I don’t know what your destiny will be, but one thing I do know: the only ones among you who will be really happy are those who have sought and found how to serve. Albert Schweitzer
Does giving make you happier?
Sonja Lyubomirsky, a professor of psychology at the University of California, Riverside with a B.A. from Harvard and a Ph.D. in social psychology from Stanford University, wanted to settle this question with the legitimacy and rigorousness of scientific study, and after reviewing the scientific studies determined that giving improves our happiness in at least 11 ways.
- It helps you perceive other more positively.
- Fosters a heightened sense of interdependence and cooperation
- Relieves guilt, distress, or discomfort over others’ suffering.
- Encourages awareness and gratitude for your own good fortune.
- Distracts you from your own difficulties.
- Improves your view of yourself as an altruistic and compassionate person which creates confidence, optimism, and a sense of usefulness.
- Highlights your own abilities, resources, and experiences.
- Increases sense of control over your life.
- Helps you learn new skills or discover hidden talents.
- Promotes a sense of meaningfulness and value in your life.
- Starts a cascade of positive social consequences such as helping other people like you, appreciate you, and be willing to help you in your time of need.
That’s a lot of reasons! So giving makes you happier, but she wanted to know more.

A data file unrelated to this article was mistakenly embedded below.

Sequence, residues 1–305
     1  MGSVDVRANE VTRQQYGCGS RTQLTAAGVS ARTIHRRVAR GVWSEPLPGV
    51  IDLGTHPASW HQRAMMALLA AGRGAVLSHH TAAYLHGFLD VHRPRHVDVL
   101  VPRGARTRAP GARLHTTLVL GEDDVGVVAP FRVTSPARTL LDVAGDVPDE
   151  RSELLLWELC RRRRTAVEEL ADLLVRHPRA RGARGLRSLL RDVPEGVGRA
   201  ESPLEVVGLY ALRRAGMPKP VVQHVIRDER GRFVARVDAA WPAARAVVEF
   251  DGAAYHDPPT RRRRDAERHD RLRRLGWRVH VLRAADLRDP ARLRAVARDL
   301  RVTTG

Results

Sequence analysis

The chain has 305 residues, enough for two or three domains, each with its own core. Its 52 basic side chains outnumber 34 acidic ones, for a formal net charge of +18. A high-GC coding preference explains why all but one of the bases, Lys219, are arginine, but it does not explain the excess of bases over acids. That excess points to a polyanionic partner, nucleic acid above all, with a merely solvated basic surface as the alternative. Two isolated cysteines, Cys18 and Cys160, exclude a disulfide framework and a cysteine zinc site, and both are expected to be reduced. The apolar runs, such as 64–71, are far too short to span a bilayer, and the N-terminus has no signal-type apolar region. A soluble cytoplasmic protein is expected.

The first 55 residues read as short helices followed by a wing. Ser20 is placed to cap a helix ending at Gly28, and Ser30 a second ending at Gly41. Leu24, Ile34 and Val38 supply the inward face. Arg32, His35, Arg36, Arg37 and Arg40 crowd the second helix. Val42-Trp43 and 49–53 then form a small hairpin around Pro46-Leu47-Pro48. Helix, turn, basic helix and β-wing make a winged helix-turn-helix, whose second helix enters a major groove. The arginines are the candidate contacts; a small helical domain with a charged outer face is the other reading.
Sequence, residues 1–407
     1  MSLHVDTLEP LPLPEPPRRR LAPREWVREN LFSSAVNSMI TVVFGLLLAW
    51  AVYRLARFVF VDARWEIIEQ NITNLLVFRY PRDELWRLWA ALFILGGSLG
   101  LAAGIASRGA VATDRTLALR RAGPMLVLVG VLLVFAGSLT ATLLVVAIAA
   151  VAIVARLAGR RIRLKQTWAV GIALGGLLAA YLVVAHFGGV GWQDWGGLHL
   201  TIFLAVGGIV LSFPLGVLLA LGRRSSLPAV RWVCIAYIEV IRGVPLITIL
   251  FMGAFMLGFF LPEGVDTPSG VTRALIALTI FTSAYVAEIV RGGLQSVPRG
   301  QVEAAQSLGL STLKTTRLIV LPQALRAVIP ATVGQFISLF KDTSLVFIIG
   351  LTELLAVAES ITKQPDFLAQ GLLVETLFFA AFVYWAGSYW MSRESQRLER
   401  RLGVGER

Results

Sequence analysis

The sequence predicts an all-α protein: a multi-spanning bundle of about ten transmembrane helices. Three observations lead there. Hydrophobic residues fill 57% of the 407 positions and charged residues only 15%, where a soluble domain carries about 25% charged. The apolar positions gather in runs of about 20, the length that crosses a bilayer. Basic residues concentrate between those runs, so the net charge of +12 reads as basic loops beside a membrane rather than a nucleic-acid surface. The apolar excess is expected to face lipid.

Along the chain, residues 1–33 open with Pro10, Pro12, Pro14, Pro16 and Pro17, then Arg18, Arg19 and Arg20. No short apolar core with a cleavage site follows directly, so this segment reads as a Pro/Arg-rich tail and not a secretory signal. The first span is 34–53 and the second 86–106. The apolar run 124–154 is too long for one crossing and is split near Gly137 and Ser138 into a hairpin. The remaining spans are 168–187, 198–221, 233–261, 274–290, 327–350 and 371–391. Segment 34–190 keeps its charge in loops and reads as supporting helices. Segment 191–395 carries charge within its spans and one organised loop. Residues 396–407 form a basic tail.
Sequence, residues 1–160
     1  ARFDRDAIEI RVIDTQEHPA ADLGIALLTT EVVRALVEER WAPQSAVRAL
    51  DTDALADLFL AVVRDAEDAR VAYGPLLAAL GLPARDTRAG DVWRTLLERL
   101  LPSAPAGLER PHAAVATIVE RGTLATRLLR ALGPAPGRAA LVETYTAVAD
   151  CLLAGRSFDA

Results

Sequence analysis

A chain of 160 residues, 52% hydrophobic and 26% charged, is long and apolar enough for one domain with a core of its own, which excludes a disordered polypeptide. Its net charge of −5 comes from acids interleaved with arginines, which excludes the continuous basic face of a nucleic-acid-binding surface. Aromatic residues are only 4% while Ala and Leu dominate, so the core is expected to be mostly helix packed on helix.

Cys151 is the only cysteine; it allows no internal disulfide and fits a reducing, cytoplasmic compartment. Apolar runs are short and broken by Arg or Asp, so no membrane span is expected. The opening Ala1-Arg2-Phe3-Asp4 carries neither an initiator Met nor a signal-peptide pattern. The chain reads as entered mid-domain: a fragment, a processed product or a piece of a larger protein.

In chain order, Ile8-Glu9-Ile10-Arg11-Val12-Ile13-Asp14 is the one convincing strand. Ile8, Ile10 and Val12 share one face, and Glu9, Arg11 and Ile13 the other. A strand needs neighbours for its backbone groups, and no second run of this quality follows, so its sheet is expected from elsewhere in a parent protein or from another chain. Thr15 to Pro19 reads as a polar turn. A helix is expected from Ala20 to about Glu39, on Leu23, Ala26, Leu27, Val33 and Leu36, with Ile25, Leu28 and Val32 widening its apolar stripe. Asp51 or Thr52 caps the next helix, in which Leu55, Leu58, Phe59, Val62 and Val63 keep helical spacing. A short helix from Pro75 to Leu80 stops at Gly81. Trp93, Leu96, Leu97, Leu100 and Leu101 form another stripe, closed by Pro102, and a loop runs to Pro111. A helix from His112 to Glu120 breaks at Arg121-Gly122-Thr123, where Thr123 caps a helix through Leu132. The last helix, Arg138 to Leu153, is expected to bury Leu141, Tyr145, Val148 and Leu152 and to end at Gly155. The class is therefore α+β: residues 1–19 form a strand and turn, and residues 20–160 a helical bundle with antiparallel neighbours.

Does how you give matter?
In a study she conducted, she had three groups of students. One was directed to perform 5 acts of random kindness in a day and write those events down in a journal. The other to perform 5 acts of random kindness spread out throughout the week and write those events down in a journal. The other was just asked to list various events in a journal but were not asked to perform any random acts of kindness. She discovered that yes, these random acts of kindness did increase the student’s level of happiness, but only for the group of students who performed the acts in a single day.
This study and other studies reveals that how we give can be just as important to our well-being as how often we give. Lyubomirsky recommends choosing giving activities that you enjoy, to do more giving than you normally do, and to vary how you give so that it remains fresh and new. Giving that you don’t notice or that feels like a chore may not make you very happy.
Check out Sonja Lyubomirsky’s book, The How of Happiness, for more advice on how to be happy.